Tlingit artist Preston Singletary first started blowing glass
at 19 years old, working at Seattle's Glass Eye Studio, and later
studied at the Pilchuck Glass School. There he learned from American
glass artist Dante Marioni and Lino Tagliapietra, a world-famous
Venetian glass-blower from the Italian island of Murano, the Mecca
of glass art. Singletary's artworks are exhibited at the British
Museum in London, the Museum of Fine Arts of Boston, the Seattle
Art Museum, and the Heard Museum in Phoenix, and he is represented
by the Blue Rain Gallery (Santa Fe), the Spirit Wrestler Gallery
(Vancouver), and the Traver Gallery (Seattle).
Your work is a harmonious mix of
traditional patterns and highly sophisticated modern designs --
what is you creative process?
I studied the Tlingit mythology and symbolism with Elders, adapting
the culture to the glass, incorporating Tlingit designs in which
symbolic emblems represent specific families. I come from a family
of eagle and raven, wolf and bear. In the old days, you would not
marry in your own group -- that is how they kept the bloodline.
I did not go to school, so -- looking at primitivism, and modern
art, admiring Picasso, Henry Moore, Jackson Pollock -- I made decorative
art, transitioning it to Native designs, adapting bowls, sculptures.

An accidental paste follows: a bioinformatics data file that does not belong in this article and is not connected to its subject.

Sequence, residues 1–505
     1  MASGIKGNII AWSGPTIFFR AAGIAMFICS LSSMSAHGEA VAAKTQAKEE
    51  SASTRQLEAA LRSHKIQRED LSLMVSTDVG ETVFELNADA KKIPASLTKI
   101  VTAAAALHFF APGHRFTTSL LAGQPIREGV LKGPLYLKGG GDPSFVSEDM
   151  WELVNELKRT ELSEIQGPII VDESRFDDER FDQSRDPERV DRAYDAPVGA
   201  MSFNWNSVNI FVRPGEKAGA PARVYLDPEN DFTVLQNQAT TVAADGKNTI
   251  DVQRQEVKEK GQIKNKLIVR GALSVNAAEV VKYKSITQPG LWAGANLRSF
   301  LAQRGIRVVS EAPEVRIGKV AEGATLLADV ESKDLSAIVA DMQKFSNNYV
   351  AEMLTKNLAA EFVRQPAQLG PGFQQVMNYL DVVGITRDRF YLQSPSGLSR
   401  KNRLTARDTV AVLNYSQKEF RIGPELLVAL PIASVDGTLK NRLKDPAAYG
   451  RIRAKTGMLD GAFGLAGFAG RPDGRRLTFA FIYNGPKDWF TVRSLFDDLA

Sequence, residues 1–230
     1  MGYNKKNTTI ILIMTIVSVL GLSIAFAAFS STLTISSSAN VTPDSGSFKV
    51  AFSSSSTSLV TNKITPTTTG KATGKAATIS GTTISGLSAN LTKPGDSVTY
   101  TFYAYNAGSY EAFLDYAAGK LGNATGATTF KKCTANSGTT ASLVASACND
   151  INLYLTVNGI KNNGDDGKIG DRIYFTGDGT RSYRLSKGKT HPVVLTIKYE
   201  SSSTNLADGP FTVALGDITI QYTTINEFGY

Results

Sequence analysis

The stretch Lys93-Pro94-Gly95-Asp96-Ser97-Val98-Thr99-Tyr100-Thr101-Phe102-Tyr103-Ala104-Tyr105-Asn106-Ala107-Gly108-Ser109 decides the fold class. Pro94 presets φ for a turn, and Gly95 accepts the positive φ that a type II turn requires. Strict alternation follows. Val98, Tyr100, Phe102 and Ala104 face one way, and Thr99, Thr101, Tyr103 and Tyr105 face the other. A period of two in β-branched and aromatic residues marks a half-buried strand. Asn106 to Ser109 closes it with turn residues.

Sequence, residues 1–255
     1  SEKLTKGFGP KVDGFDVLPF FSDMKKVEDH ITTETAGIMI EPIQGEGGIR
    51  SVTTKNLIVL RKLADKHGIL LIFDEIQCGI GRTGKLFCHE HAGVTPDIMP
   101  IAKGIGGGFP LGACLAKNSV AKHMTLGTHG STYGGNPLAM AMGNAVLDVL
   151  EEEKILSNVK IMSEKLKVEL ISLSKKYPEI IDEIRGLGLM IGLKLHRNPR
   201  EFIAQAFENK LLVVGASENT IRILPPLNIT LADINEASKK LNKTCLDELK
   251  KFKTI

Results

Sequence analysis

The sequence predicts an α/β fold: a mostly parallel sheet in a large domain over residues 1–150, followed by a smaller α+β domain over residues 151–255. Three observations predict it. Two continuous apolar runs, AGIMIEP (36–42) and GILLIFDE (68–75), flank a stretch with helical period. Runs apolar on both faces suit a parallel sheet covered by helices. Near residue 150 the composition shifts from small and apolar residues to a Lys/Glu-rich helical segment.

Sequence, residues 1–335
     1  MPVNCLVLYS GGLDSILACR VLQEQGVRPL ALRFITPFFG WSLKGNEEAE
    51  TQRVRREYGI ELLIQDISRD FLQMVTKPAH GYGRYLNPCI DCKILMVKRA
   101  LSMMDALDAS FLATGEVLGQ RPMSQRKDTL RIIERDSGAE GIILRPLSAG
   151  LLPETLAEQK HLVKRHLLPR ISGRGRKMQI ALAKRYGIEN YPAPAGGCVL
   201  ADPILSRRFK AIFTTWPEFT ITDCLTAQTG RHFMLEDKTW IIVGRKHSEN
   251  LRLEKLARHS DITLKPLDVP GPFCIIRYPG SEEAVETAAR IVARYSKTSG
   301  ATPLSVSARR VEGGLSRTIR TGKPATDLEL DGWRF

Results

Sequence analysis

Understanding the balance and proportions, I have the freedom to
create new designs and shapes.
Is glass-blowing a common art form among Native
No. I am the only Tlingit glass-blower today, and an ambassador
among Natives for glass blowing. I teach, and collaborate with other
Native artists, Hawaiians, Maori -- It is great to learn how contemporary
Natives interpret their traditional cultures in their work.
So how do you see the evolution of glass-blowing
among Native artists?
The glass is a transformational medium, changing liquid into
solid. As it changes throughout the day, with the light casting
shadows, it becomes a kinetic representation, bringing a different
kind of attention, and another dimension to indigenous art. The
shaping of the glass creates a distinctive, modern signature. We,
as Natives, should evolve towards using new materials. Personally,
I do have a sense of purpose, representing my culture with the glass.
For more information about the artist, and to see more examples
of his work, visit PrestonSingletary.com.
When I began working with glass in 1982, I had no idea that I'd
be so connected to the material in the way that I am. It was only
when I began to experiment with using designs from my Tlingit cultural
heritage that my work began to take on a new purpose and direction.